Jennifer Errick: Some of the largest events at the park are go-go concerts, a distinctive DC style of funk, and monthly roller-skating parties at the pavilion during summer and fall. These events serve not just as fun gathering spaces, but also vital feedback loops for Trent and his staff.

Richard Trent: There's a huge skate culture here. So, folks come down, there's free boat rides in partnership with the Anacostia Watershed Society. There's free skate rentals for families, so you don't have to worry about getting skates. You could just show up. Free food for a lot of folks that show up, and it's beautiful just tabling from local community nonprofits. So, we leverage activations like that as almost, like, casual, culturally relevant data gathering events. So, we are asking folks about their visions for the future of the park and their hopes for the future of the park. We're capturing that information. We're hosting town halls at some of these events, capturing that information, taking it back to the National Park Service, and then as their official philanthropic partner, really working out what we can and cannot fundraise for and creating a plan. So, it's actually a model of participatory planning that we hope is undoing the legacy of cutting Black folks out of the development of their own communities.

Jennifer Errick: It's also a model that Trent feels can work in many other places.

Richard Trent: There are urban parks like this across the country that are key mental and social health resources for Black communities, Black and brown communities. So, this isn't just a one-off story of climate resiliency and community led conservation in Anacostia. We believe that this is a replicable, scalable model for deputizing local residents, putting them at the helm of a restoration effort and conservation effort, creating jobs as a result and really meeting the double bottom lines of improving these urban environments at the same time that you're improving the economic status of historically disadvantaged communities.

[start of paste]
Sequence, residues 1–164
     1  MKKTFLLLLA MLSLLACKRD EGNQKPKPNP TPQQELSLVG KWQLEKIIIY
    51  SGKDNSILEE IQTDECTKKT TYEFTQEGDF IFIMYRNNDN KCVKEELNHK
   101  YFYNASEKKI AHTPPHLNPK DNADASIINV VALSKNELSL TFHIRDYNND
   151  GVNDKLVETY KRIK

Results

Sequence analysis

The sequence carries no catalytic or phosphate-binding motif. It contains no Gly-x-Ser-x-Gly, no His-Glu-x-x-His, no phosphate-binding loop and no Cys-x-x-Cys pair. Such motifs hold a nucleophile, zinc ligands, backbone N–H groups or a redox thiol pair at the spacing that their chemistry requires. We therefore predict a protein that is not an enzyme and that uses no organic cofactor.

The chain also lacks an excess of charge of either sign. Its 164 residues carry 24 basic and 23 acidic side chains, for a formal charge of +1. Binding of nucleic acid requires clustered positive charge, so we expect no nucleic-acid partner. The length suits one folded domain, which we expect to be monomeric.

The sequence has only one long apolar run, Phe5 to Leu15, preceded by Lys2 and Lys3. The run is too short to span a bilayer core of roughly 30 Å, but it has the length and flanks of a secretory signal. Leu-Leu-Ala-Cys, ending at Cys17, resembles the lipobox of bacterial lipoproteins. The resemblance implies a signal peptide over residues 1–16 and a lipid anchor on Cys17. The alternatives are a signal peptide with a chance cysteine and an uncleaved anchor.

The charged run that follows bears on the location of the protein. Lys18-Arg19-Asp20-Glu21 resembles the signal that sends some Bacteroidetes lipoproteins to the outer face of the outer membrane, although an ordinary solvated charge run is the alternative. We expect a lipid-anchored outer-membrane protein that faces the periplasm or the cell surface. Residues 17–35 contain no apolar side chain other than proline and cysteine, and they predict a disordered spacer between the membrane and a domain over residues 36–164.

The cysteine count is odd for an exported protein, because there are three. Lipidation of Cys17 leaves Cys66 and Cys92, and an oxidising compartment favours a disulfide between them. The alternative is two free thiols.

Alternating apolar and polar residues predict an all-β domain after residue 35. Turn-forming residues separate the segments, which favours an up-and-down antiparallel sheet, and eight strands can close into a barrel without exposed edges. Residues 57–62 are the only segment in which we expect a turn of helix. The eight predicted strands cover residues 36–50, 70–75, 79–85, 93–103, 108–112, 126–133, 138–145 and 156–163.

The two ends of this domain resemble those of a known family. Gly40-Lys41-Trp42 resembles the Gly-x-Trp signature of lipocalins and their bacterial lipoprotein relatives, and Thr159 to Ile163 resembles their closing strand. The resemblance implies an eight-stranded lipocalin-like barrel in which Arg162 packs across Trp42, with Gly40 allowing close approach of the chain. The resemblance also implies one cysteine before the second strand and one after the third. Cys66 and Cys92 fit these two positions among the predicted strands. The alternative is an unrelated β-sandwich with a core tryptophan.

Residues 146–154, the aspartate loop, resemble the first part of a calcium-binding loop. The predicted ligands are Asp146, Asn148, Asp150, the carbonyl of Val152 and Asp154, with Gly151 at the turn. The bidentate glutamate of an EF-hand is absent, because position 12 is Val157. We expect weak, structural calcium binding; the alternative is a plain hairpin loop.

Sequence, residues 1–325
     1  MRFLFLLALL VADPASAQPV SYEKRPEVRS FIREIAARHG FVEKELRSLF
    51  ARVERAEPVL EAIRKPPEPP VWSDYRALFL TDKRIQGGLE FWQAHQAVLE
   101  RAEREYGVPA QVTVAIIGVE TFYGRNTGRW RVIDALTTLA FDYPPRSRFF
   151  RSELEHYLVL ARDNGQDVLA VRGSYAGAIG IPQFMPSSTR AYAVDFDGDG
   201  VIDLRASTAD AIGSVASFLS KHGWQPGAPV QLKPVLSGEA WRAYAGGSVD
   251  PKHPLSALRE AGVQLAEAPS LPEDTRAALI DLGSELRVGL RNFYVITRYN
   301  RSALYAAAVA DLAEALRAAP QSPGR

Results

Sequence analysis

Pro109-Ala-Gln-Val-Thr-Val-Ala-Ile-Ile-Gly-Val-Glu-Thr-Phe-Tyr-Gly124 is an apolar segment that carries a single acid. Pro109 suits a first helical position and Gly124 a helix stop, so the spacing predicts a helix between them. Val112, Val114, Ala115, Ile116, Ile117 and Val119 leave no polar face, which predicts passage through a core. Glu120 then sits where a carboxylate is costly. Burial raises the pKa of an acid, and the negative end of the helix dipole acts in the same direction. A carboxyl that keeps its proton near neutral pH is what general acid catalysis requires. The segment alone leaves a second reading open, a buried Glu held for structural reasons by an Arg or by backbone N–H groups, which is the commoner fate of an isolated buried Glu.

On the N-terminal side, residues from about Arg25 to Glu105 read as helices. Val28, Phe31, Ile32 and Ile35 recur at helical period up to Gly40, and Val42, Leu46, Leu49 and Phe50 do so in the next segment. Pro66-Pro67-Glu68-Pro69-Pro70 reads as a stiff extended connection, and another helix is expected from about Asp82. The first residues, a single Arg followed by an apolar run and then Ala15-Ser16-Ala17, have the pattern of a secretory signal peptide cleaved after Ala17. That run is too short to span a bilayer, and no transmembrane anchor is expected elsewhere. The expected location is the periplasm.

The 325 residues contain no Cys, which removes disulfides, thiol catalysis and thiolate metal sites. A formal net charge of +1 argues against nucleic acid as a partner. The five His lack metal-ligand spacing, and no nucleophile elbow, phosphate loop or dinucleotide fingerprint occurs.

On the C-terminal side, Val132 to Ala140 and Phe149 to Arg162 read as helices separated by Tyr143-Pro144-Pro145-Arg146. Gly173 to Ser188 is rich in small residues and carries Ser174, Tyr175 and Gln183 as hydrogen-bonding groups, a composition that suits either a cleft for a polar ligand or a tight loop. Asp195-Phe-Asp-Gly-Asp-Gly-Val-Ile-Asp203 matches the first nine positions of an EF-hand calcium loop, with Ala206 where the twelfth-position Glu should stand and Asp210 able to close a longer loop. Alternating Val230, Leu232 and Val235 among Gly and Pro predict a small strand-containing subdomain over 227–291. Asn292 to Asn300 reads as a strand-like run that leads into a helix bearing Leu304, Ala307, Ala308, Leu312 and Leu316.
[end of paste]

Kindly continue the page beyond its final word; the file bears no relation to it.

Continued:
Jennifer Errick: The partnership with The Mission Continues began when the veterans organization approached the friends group with ideas. Organizers with The Mission Continues, listen to what the park's biggest needs were and took care of most of the logistics. Trent said he was blown away by their approach and enthusiasm.

Richard Trent: They didn't need anything from us, you know what I mean? It was just like, we're here to help. We've got all the tools, and that sort of service is really mindful and respectful because grassroots organizations like ours, even volunteer events are big expenditures of folks' time, energy and resources. So, when a volunteer group shows up and they're just like, yep, we're ready. We got everything. You just set us up for success, show us where the bathrooms are at, that's the type of volunteer experience that really respects people's time. So, we just, I appreciate them.

[Music break]

Jennifer Errick: Back outside, volunteers are putting their tools and enthusiasm to good use, cleaning, painting, measuring and hammering in small teams throughout the area. One of the volunteers I meet is Bernadette Plummer, a 22-year Army veteran who learned about The Mission Continues through a service-focused sorority she volunteers with. She's been involved with the group on and off for more than three years. When I ask her what motivates her to devote so much of her life to various causes, I'm struck by her answer.

Bernadette Plummer: I am blessed to come from where I'm at, to be where I'm at now. So, I was born in the projects in Chicago and now I'm not living that same life, and my life has evolved, and I have been blessed. And so, you find out when you're rich when you're able to give something away. I'm rich because I have the ability to give.